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Nova Scotia students share heritage at Saint Mary’s University
June 2, 2016
Students in grades 4-9 from across the province will gather at Saint Mary’s University on June 2-3 for the annual Nova Scotia Provincial Heritage Fair.
The Heritage Fair is a showcase where students present their research on the cultural heritage of an event, person, place or object of their choosing. The topics can include family history, community history, cultural traditions, people and events that have helped shape Nova Scotia and Canada. Students are able to present in English, French, Gaelic and Mi’kmaq.
“Saint Mary’s is delighted to be hosting the Heritage Fair once again this year,” said Dr. Margaret MacDonald, Dean of the Faculty of Arts. “It is wonderful to see these talented young people already engaged in academic learning about history, heritage, and culture, which are so central to the life of the University and help us understand our community.”
The annual event is a collaboration between Saint Mary’s and the provincial departments of Education and Early Childhood Development and Communities, Culture and Heritage. “Youth who are engaged in Nova Scotia’s diverse heritage and culture are vital to the well-being and future of our communities,” said Communities, Culture and Heritage Minister Tony Ince.
Dr. Kirrily Freeman, Chair of the Saint Mary’s University Department of History is one of the organizers of the Heritage Fair.
“Saint Mary’s is very proud to host the Provincial Heritage Fair. The kids take away a great deal from this experience,” she said. “They get recognition and encouragement for their academic work and they get to share their enthusiasm and interest in the past with people who are experts — historians, archivists, museum curators and interpreters, and researchers.”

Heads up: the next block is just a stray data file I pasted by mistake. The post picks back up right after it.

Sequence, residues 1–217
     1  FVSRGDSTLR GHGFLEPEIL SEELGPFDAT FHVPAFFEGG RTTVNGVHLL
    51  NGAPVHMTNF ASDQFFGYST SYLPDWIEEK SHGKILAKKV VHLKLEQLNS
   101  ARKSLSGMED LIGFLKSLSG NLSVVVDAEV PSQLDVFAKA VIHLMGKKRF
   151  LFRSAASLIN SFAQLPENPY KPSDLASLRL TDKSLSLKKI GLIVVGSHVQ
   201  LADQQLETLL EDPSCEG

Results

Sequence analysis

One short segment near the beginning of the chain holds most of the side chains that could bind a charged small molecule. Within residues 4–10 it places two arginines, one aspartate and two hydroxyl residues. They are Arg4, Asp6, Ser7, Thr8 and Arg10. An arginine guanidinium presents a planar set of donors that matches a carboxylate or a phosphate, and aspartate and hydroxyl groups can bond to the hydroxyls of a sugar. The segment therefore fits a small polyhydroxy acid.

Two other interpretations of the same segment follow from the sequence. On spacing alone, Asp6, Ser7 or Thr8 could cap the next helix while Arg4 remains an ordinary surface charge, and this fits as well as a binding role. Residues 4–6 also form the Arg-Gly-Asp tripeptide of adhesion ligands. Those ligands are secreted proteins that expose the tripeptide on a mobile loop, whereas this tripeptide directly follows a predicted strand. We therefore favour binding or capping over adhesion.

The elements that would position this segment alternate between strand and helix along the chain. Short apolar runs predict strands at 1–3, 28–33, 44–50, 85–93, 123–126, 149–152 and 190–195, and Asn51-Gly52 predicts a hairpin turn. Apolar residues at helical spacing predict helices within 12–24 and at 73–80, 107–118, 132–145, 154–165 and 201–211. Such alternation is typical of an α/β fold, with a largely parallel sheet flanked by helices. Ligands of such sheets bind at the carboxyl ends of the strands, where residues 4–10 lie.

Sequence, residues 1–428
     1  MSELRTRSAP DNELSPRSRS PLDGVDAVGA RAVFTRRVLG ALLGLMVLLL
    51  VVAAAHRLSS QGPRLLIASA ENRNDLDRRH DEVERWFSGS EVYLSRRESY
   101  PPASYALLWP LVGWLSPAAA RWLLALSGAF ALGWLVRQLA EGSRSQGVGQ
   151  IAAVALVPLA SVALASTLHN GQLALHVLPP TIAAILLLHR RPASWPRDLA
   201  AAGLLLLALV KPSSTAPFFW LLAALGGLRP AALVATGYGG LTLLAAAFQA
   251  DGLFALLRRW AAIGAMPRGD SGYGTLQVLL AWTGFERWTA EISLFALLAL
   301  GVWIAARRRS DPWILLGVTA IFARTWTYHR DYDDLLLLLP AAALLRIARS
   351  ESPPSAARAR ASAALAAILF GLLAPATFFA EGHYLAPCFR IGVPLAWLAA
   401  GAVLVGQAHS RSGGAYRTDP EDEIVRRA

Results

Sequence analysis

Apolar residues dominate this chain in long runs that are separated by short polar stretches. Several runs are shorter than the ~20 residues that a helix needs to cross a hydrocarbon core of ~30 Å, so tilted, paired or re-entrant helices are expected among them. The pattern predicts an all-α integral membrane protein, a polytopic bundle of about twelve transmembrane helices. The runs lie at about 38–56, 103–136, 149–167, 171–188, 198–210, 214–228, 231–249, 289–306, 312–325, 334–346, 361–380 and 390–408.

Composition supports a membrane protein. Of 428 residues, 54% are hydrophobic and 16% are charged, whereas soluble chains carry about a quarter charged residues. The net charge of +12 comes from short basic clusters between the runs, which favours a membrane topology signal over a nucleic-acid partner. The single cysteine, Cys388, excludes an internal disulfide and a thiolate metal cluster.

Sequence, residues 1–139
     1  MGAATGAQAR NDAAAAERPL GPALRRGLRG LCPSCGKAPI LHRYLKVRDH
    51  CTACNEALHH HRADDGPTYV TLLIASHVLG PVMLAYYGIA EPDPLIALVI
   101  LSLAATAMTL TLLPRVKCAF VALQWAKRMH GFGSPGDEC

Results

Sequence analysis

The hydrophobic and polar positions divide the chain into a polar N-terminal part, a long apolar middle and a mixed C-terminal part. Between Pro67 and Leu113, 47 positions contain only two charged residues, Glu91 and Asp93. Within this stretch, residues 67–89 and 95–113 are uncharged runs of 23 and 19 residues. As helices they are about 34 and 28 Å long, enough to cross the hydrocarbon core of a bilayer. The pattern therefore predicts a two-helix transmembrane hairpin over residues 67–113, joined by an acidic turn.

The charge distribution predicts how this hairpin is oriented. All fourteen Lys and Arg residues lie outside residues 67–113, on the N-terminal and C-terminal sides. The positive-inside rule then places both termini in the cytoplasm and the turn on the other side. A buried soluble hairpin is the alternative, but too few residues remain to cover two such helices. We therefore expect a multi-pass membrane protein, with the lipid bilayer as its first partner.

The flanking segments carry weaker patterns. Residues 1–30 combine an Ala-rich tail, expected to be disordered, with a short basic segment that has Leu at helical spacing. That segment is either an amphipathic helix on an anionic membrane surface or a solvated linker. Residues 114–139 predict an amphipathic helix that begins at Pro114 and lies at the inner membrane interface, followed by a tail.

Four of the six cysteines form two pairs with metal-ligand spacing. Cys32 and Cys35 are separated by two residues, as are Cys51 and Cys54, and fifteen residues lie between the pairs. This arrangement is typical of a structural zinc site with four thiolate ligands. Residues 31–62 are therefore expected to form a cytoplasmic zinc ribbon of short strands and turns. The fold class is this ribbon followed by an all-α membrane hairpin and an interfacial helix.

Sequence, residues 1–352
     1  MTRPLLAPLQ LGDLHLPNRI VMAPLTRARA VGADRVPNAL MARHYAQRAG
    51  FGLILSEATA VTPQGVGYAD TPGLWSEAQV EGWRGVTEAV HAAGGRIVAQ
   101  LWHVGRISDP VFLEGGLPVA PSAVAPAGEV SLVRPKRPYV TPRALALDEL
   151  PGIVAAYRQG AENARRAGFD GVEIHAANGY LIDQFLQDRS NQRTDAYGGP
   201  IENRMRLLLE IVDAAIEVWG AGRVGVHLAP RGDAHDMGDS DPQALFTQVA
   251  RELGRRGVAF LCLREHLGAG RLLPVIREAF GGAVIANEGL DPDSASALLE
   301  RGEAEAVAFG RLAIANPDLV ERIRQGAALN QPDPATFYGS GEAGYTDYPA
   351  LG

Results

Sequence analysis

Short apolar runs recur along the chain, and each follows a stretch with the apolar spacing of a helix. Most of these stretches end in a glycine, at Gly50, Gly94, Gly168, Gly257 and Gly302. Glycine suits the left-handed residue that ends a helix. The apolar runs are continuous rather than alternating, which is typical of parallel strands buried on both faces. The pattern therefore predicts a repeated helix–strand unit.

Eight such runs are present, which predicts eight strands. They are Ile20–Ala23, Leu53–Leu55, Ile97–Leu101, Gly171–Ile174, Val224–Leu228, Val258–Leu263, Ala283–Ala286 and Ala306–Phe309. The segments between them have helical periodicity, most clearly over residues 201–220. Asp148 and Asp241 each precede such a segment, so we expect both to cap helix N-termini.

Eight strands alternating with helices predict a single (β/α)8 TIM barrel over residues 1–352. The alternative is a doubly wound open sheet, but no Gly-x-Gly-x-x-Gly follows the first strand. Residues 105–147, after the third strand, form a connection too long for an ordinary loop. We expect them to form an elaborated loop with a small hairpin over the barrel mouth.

Dr. Freeman says the Heritage Fair really encourages students who have a passion for learning and are curious about the past
“Heritage is the story of who we are,” she says. “Learning about the cultures, events, traditions, people and places of the past teaches us where we came from, and shows us the forces that have shaped our communities.”
The Heritage Fair is broken up over two days. On the first day students set up their projects at Saint Mary’s in the morning before visiting Province House in the afternoon for specialized workshops which include a focus on Joseph Howe, the 2016 provincial Heritage Day nominee. The first day concludes with a banquet for the students and their guest, and includes participation in cultural activities.
On the second day the students will again participate in workshops and present their projects to the public and to judges. This gives students an opportunity to share what they have learned and also receive feedback on their work. The public are invited to the view the projects between 1:00pm and 2:30pm at the O’Donnell-Hennessey Student Centre. Following the public viewing, recognition awards will be presented. Attending the awards ceremony will be Dr. Robert Summerby-Murray President of Saint Mary’s University.
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